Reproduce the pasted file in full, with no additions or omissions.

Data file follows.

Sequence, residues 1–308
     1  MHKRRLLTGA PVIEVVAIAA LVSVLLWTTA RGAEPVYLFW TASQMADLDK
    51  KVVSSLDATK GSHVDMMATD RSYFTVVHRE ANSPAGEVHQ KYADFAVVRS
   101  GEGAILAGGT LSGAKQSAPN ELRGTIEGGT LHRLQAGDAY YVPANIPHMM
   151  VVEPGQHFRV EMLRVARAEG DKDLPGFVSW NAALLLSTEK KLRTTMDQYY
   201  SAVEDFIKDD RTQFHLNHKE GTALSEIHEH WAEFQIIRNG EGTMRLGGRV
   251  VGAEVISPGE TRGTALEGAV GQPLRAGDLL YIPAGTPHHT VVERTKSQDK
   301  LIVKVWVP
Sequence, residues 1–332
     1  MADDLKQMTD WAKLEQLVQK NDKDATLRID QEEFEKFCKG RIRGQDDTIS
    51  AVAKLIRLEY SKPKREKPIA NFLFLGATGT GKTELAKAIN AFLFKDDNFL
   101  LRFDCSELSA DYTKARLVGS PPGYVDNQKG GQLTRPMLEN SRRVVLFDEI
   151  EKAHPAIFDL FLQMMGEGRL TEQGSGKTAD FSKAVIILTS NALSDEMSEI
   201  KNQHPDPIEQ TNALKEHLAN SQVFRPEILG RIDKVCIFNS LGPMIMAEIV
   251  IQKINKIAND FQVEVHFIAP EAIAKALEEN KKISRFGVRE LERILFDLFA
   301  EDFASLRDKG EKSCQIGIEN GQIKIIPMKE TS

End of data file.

Sequence, residues 1–308
     1  MHKRRLLTGA PVIEVVAIAA LVSVLLWTTA RGAEPVYLFW TASQMADLDK
    51  KVVSSLDATK GSHVDMMATD RSYFTVVHRE ANSPAGEVHQ KYADFAVVRS
   101  GEGAILAGGT LSGAKQSAPN ELRGTIEGGT LHRLQAGDAY YVPANIPHMM
   151  VVEPGQHFRV EMLRVARAEG DKDLPGFVSW NAALLLSTEK KLRTTMDQYY
   201  SAVEDFIKDD RTQFHLNHKE GTALSEIHEH WAEFQIIRNG EGTMRLGGRV
   251  VGAEVISPGE TRGTALEGAV GQPLRAGDLL YIPAGTPHHT VVERTKSQDK
   301  LIVKVWVP
Sequence, residues 1–332
     1  MADDLKQMTD WAKLEQLVQK NDKDATLRID QEEFEKFCKG RIRGQDDTIS
    51  AVAKLIRLEY SKPKREKPIA NFLFLGATGT GKTELAKAIN AFLFKDDNFL
   101  LRFDCSELSA DYTKARLVGS PPGYVDNQKG GQLTRPMLEN SRRVVLFDEI
   151  EKAHPAIFDL FLQMMGEGRL TEQGSGKTAD FSKAVIILTS NALSDEMSEI
   201  KNQHPDPIEQ TNALKEHLAN SQVFRPEILG RIDKVCIFNS LGPMIMAEIV
   251  IQKINKIAND FQVEVHFIAP EAIAKALEEN KKISRFGVRE LERILFDLFA
   301  EDFASLRDKG EKSCQIGIEN GQIKIIPMKE TS